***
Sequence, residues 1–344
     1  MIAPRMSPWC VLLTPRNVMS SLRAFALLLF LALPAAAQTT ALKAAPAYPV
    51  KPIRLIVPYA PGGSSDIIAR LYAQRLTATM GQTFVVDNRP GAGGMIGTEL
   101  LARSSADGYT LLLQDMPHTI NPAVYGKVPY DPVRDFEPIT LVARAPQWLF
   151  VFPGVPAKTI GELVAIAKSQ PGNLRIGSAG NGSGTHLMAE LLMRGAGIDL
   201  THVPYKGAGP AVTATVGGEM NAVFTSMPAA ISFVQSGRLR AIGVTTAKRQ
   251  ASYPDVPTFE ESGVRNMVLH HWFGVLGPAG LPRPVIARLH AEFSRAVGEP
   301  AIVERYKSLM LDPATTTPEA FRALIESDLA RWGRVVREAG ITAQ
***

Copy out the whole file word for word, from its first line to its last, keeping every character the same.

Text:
Sequence, residues 1–344
     1  MIAPRMSPWC VLLTPRNVMS SLRAFALLLF LALPAAAQTT ALKAAPAYPV
    51  KPIRLIVPYA PGGSSDIIAR LYAQRLTATM GQTFVVDNRP GAGGMIGTEL
   101  LARSSADGYT LLLQDMPHTI NPAVYGKVPY DPVRDFEPIT LVARAPQWLF
   151  VFPGVPAKTI GELVAIAKSQ PGNLRIGSAG NGSGTHLMAE LLMRGAGIDL
   201  THVPYKGAGP AVTATVGGEM NAVFTSMPAA ISFVQSGRLR AIGVTTAKRQ
   251  ASYPDVPTFE ESGVRNMVLH HWFGVLGPAG LPRPVIARLH AEFSRAVGEP
   301  AIVERYKSLM LDPATTTPEA FRALIESDLA RWGRVVREAG ITAQ